“People have reached out to us when it comes to ThinkSmart and said, how did you do that? Can we learn things? …[COVID-19] has actually accelerated a few projects that were in pipeline for this year.”
Andy Cooper, Legal Operations Manager, IDEXX Laboratories
Legal Ops will help enterprises transform their continuity planning and execution so they’re prepared for both immediate demands (like COVID-19) and for future disruptions or challenges, including the probable permanent changes to how companies do business after the current crisis has passed.
Teams equipped with the right tools will have the flexibility and agility to lead the enterprise in transforming continuity planning and execution so it can respond quickly to the permanent effects of any crisis, or even be proactive in anticipating its effects.
There are plenty of processes that need to be managed with flexible software solutions that can be configured and reconfigured on the fly as new challenges arise.
“We think that the first characteristic of a law department of the future is one that is agile.”
Kevin Clem, Chief Commercial Officer, HBR Consulting
The genie is really out of the bottle: As businesses find remote workforces to be efficient and effective, more employees will continue working remotely after the outbreak has passed. The quality of remote collaboration will be central to future success and demands better platforms and processes.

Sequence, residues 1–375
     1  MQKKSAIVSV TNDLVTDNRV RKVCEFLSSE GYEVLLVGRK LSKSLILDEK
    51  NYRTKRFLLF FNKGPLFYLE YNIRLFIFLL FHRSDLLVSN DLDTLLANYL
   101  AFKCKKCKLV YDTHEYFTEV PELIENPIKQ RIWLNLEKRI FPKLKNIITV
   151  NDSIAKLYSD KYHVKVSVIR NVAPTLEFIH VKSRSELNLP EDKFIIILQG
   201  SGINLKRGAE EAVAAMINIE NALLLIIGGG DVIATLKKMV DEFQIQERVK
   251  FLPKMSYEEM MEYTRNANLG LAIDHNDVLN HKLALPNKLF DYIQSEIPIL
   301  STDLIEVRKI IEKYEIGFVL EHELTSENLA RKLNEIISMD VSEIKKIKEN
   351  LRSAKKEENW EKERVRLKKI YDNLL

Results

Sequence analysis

This means tools that drive collaboration – like web conferencing, collaboration platforms like Slack, or workflow automation and enterprise legal management solutions with baked-in collaboration features – have become key elements of any legal tech stack as in-house legal departments look down the road.
“The quick wins that we see are those workflow type automations or moving spreadsheets to databases: very simple things that create some ability to do reporting and share data remotely…”
Gary Tully, Head of Legal Operations, Gilead Sciences
“Just having… our different agreements and NDAs and contract approvals remote as is in a cloud technology has made the transition to that [WFH] significantly easier.”
Paper-based processes are being rendered obsolete, replaced by digitized forms, documents, and processes. For those who didn’t believe “paper is dead,” COVID-19 confirmed it. And the change means that companies will innovate and explore new ways of working, after they decommission their paper shredders and kick old filing cabinets to the curb.
This means paper invoices from law firms are also defunct; e-Billing provides the most effective structure for a legal spend management program that properly manages outside counsel and other third-party billing.
Along those same lines, paper contract execution is also extinct: An integrated enterprise legal management (ELM) and workflow automation solution can digitize the process of contract requests, approvals, and executions, topping it all off with seamless integration of e-signature. Simple repetitive contracts like NDAs can be automated for self-service, relieving a huge amount of strain on the legal department.